Even with a system that’s easy to use, helpful and available customer service is key to help you get the most out of your EHR. Some of your staff may require a little extra help to get started, learn a new feature, or understand something like Meaningful Use.

Questions to ask the vendor:

  • What support will I receive during and after implementation?
  • Is your support unlimited? Is it free?
  • Do you offer support from live people?
  • If I have an issue, how will you help me resolve it?

5. Is this EHR certified?

To capture and share patient data efficiently, practices need an EHR that stores information in a structured format. CMS and the Office of the National Coordinator for Health Information Technology (ONC) have established criteria and standards for structured data that EHRs must use in order to qualify for government-sponsored incentive programs.

To get an incentive payment, you must use an EHR that is certified specifically for the EHR Incentive Programs.

Questions to ask the vendor:

  • Is this EHR certified for Meaningful Use?
  • What programs can I participate in with this EHR?

To find out what existing users think of their EHR, check out the Black Book rankings. Brown-Wilson asks physicians every year to rate the top EHRs on the market for its annual survey. This year, over 22,000 physicians participated in the survey, ranking EHRs are criteria such as Support and Customer Care, Reliability, Implementation, and Training.

Evaluating your current EHR

Already have an EHR? With spending on EHRs expected to jump as high as 80% by 2015, it’s critical that your practice’s time and money are being spent on the best possible system for your practice. Evaluate your current EHR by asking the questions below.

1. Is your EHR improving your practice’s efficiency?

If you’ve fully implemented an EHR and you don’t feel your practice is seeing increased efficiency in your day-to-day workflows, then it’s probably time to start evaluating other systems that may work better for you.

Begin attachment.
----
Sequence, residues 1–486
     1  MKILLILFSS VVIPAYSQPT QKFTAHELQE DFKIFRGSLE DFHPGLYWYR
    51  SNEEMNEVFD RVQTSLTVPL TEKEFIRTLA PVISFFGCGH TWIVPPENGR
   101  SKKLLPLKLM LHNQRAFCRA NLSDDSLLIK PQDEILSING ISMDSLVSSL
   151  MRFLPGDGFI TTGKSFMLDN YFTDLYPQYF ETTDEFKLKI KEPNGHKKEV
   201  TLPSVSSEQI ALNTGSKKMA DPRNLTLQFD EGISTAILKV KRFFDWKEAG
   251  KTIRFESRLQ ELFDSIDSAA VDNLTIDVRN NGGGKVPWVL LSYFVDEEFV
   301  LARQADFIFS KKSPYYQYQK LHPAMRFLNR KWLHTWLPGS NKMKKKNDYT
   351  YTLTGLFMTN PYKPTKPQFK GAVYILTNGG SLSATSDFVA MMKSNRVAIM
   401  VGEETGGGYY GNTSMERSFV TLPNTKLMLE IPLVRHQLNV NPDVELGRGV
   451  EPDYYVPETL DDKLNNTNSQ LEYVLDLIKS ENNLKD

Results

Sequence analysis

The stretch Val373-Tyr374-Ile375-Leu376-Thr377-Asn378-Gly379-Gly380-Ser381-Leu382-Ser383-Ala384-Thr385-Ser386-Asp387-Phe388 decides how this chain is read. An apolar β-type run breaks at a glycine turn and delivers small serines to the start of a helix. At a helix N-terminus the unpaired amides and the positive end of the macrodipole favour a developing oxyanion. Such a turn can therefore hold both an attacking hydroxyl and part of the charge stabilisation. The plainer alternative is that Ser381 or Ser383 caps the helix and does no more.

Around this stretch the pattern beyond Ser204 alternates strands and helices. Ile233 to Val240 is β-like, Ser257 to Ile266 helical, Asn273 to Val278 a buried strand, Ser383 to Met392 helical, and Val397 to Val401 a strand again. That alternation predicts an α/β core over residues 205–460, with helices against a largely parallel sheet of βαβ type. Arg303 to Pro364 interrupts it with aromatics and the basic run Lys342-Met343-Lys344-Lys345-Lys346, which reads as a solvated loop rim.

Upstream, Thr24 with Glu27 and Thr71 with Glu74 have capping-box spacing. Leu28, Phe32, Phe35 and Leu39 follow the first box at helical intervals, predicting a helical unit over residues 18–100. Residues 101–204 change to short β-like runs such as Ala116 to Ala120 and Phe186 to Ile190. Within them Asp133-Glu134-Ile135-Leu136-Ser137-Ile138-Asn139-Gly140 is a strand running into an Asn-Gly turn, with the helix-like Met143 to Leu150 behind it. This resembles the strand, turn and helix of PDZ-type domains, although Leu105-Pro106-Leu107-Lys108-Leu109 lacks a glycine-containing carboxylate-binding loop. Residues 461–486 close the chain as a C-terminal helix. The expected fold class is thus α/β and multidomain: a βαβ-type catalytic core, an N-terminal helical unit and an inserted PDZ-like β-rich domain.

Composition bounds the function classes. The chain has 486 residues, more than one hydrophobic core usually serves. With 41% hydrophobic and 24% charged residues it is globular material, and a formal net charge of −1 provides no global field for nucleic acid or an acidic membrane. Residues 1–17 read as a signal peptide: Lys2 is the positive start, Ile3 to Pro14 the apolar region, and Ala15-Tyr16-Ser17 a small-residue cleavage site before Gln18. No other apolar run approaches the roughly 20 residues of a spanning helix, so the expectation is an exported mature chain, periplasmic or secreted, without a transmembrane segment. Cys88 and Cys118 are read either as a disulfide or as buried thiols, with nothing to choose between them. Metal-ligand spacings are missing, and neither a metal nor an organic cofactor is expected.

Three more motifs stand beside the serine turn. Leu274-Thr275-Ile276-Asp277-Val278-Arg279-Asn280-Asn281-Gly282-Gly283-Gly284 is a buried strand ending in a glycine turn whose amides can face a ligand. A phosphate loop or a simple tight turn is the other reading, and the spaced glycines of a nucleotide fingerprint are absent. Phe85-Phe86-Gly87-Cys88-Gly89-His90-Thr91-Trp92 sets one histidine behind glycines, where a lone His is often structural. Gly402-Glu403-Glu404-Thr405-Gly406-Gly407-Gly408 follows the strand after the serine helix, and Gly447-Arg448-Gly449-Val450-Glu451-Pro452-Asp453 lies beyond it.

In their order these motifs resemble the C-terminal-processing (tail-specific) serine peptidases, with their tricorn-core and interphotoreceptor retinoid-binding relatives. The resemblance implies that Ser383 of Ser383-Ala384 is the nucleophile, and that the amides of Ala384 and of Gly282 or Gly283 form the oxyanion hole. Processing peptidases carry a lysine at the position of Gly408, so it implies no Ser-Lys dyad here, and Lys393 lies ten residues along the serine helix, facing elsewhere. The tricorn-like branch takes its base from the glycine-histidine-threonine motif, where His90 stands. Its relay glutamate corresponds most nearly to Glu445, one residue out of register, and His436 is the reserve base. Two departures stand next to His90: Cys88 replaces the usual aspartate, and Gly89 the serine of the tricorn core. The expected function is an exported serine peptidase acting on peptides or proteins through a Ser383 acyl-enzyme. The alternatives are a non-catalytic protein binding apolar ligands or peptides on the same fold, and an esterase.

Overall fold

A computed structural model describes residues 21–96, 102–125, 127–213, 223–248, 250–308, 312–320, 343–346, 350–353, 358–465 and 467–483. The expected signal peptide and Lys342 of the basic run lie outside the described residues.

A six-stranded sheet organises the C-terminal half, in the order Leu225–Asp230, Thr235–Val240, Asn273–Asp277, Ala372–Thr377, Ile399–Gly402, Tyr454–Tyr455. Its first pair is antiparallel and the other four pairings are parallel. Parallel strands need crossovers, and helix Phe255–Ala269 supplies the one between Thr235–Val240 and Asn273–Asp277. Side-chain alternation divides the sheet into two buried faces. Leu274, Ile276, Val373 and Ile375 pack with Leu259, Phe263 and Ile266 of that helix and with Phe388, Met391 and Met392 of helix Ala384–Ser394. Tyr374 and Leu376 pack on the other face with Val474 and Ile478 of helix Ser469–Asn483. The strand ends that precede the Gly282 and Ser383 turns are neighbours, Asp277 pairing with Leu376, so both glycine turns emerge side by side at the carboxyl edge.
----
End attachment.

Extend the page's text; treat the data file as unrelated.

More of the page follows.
2. Does your practice have the support and resources you need?

Regular and ongoing support issues with your EHR are probably a good indicator that there are better solutions to meet your practice’s needs. If technical issues are interfering with your workflow, requiring staff time to resolve, or raising the cost of your EHR budget, it’s probably time to move on from your current vendor. Evaluate if you have all the support and resources you need with the following questions:

  • How often do you have issues with your EHR that require staff time to reach out to your vendor for help?
  • Is support from your vendor free?
  • Is support available to you 24/7 via web trainings (videos and webinars) and forums when you can’t talk to a live person?

3. Is your EHR affordable?

The average physician’s office spends $44,000 over five years implementing an EHR, and only 27% of physician practices report a net positive gain on their investment in an EHR. If your EHR costs are constantly rising, and the incremental costs of operating your system aren’t what the vendor told you they would be, you can find a better solution that meets your needs while still being affordable — if not free.